Today Android sits as the most dominant mobile operating system on the planet, but would you believe that the platform’s original concept was aimed at cameras? Andy Rubin revealed the origins of Android as we know at an economic summit in Tokyo earlier this week, saying, “the exact same operating system we built for cameras…became Android for cellphones,” referencing the platforms humble beginnings in April of 2004.
At that time Rubin and company were presenting Android to investors as a smart camera platform that could connect to a home PC and then link up with an “Android Datacenter.” After realizing the opportunity in the camera industry was perhaps a bit small, the creators of Android turned to the growing field of smartphones to repurpose the operating system, keeping much of the Java-based core intact. In 2005 Android was acquired by Google and the rest is history.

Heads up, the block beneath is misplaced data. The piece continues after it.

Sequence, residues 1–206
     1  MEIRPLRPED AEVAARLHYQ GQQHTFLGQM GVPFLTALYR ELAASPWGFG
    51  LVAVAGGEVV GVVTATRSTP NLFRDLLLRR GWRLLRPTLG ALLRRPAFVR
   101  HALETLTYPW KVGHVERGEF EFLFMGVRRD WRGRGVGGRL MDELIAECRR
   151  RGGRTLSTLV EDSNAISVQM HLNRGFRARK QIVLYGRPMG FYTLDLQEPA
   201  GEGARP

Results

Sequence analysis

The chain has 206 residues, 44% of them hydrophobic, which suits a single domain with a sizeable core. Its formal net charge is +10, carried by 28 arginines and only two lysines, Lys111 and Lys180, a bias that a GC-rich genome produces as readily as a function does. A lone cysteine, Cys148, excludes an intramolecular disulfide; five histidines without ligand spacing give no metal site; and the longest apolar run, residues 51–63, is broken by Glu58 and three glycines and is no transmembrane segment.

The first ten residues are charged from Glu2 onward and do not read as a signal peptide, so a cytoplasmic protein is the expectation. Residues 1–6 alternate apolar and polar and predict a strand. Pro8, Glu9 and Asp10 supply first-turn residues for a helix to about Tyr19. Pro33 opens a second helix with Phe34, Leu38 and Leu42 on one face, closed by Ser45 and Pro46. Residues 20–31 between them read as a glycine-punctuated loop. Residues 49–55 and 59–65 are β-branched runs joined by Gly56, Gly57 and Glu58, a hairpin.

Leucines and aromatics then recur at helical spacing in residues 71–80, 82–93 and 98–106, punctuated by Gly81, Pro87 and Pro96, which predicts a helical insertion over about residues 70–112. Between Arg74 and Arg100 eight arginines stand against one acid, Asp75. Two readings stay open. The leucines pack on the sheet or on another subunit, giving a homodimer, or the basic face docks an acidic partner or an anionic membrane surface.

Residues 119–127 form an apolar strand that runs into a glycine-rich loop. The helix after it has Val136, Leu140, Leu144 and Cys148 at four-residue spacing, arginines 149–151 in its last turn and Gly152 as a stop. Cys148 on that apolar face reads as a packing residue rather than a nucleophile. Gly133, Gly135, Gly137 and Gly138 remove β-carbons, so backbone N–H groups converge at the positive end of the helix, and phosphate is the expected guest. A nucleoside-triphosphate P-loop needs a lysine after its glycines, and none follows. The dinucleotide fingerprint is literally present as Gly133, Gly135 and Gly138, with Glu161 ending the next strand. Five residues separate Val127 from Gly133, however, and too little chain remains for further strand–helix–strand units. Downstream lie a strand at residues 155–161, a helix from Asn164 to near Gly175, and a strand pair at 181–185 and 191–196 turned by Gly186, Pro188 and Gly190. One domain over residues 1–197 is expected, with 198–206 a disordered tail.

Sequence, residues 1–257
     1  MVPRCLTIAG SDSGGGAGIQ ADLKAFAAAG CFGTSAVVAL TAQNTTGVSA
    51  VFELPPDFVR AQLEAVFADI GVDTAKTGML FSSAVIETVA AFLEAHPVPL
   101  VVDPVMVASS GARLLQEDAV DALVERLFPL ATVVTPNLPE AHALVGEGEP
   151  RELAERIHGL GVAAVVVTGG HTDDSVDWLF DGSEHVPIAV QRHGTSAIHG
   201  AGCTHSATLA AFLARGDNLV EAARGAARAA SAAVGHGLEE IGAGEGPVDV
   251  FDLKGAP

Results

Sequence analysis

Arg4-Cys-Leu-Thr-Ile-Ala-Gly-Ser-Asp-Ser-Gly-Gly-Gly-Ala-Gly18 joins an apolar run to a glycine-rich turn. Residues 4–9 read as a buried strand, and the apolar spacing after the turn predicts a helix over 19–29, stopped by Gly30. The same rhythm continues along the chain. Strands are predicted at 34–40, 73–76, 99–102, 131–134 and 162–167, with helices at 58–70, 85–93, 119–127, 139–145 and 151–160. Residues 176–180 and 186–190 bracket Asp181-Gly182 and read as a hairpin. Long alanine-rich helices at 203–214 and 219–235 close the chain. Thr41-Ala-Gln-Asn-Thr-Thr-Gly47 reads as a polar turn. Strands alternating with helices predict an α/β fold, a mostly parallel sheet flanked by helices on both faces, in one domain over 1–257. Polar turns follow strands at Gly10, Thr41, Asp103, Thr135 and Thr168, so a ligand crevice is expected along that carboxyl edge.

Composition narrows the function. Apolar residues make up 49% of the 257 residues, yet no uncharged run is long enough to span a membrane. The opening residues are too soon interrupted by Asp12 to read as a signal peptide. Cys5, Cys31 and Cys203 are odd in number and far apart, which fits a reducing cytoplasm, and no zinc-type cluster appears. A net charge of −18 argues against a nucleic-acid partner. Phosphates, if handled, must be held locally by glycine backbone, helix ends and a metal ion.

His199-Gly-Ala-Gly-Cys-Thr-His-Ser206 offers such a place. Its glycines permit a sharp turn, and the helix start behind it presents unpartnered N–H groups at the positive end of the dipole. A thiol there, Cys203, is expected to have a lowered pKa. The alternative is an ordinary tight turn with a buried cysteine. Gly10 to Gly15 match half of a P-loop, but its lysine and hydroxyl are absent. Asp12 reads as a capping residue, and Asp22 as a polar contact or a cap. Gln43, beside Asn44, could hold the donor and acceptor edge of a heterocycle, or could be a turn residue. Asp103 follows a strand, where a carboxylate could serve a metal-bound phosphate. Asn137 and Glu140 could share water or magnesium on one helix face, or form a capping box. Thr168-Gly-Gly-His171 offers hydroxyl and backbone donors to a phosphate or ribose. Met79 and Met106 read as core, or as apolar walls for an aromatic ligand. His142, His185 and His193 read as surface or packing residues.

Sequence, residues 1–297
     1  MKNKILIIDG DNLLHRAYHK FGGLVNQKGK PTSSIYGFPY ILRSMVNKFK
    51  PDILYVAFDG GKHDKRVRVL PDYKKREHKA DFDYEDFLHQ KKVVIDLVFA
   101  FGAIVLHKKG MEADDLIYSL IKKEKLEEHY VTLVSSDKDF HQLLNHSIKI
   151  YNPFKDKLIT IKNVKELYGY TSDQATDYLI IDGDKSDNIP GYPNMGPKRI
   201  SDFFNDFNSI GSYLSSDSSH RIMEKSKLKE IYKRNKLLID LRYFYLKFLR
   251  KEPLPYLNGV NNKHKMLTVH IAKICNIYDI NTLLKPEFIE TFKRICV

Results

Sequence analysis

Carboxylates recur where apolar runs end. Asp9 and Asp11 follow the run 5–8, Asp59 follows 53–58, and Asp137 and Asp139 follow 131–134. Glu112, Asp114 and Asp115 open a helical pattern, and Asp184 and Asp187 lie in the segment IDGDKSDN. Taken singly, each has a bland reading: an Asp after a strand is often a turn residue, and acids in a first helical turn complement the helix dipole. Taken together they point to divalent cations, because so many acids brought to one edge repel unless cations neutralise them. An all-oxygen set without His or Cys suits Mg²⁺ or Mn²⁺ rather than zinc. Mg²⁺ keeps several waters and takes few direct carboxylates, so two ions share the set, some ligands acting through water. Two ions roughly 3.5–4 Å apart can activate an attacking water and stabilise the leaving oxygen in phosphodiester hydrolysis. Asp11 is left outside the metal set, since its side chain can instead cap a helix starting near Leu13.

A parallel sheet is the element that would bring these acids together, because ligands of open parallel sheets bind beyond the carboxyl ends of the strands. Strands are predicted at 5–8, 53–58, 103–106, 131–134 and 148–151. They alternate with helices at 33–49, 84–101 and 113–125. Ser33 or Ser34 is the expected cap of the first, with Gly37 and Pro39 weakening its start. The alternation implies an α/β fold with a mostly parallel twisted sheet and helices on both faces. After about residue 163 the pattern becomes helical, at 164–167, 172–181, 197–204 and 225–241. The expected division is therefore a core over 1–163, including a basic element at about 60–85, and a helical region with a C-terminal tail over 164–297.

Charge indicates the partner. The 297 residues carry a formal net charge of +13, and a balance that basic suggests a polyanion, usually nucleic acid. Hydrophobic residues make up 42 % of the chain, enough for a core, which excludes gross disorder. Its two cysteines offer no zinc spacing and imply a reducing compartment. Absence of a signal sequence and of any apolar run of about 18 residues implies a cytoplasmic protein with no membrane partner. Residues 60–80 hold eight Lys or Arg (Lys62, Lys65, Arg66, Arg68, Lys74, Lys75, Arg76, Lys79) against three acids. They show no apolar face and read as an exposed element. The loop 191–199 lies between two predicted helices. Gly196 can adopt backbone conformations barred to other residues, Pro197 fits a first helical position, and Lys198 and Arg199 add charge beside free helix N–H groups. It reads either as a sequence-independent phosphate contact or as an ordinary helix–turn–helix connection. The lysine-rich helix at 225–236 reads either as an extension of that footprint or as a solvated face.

Rubin said the goal was always to get Android out to as many people as possible, hence the decision to offer the platform to OEMs free of charge. It’s the reason Android currently sees 1.5 million activations per day and is well on its way to 1 billion total.
As for Andy Rubin, who recently stepped down from his position as Android chief at Google, he still plans to develop products geared towards consumers. What exactly his new work will involve, that still remains a bit of a mystery.